Tuesday, June 13, 2017


Repost from March 2016

Ok, so we'll dispense with the normal, "I'm sorry it's been so long since I blogged, I'm gonna do better..." blah, blah blah. ;)  I know you don't believe me anymore and quite frankly neither do I.  I'll do the best I can from here on out and we'll leave it at that.

What usually drives me to write is something that impacted me greatly.  I wish I could send you the little goofy stories from everyday, but that never works.  If you could see the blogs I write in my head, maybe that would help. ;)  Until then, I guess we will have to go with what I make time to type out.

So, it was just a normal morning in January and I was waiting for my sweet African sister to arrive and help one of our new personnel with her language.  She was a little late, no big deal, this is Africa you know!  Upon arrival she began to lay out a heart rending story, for which you'll need a little background to understand.  In our city, there aren't too many regulations for housing other than houses have to be built out of concrete block.  Size, plumbing, electricity aren't really a big deal, but construction material is.  As you know poverty is a huge problem here, so even though the rules are fairly simple, those who don't have money to rent a proper house, find ways around the rules.  Housing usually starts at around $30 a month for the bare minimum house, however for $20 you can get a substandard wooden row house.  Basically the family gets a 8'X8' "house" with a tin roof in a line of some such houses.  These pop up around the city by the THOUSANDS.  At some point, they draw the government's attention and the bulldozer comes to tear that section of them down.  The church with whom we do so much church planting has seen an invasion of these houses as another neighboring part of the city was bulldozed.  Nearly over night, row after row after row of houses came in where fields of crops had been adding literally thousands to the neighborhood's population.  These are among the poorest of the poor in our city.  Just outside the doors of the church is where these houses now stand.  We've done some evangelism in this housing complex and have had some success there.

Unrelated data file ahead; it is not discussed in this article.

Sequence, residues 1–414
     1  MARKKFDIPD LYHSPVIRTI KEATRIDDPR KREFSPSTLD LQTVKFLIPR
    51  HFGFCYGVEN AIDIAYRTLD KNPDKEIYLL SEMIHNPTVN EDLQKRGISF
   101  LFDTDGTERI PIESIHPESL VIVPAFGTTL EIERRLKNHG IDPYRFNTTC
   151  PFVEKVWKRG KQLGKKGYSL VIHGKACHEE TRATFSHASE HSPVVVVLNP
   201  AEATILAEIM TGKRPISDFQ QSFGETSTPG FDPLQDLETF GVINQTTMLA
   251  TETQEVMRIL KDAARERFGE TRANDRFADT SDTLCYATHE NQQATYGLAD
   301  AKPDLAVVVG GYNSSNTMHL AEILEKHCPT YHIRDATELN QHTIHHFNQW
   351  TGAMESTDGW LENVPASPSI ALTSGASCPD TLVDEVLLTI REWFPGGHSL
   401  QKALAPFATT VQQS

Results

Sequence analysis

Back to where I was, my sister came to tell me that the night before there had been a fire.  This is the reason these houses are illegal.  Just think, scraps of wood slapped together, wrapped in flammable black plastic, laid out like dominoes, where women cook just outside of their door over a charcoal fire or on a propane tank.  This particular fire had been set by an angry renter, but whatever the source, 75 homes went up in flames in the blink of an eye.  Since it was 11:00 at night, many were sleeping or at least ready to sleep and when the alarm went up, most escaped with almost nothing.  There was a young woman, Bridgette living in this complex who had accepted Christ after hearing the story that a group of Americans came to share with her about Jesus sacrifice for her.  She has been faithful to attend church and I have often shared discipleship stories with her in her home.  When the alarm was raised, this lady jumped up and grabbed her two very young sleeping children.  In a show of "supermom" strength she also grabbed her gas bottle and fled their house.  They stood shoulder to shoulder with neighbors in the glow of the fire because the fire shorted out the electricity for the neighborhood.  They listened to and took cover as other neighbors' gas bottles exploded.  As they watched all of their worldly belongings go up in smoke, looters were waiting in the wings to break into neighboring houses in the chaos and to steal the few things laying at the feet of those watching their houses burn.  It was in this that a looter came and stole Bridgette's gas bottle right out from under her.  She slept that night at another church member's home.  She had no clothes, other than those she was sleeping in, no shoes and no home.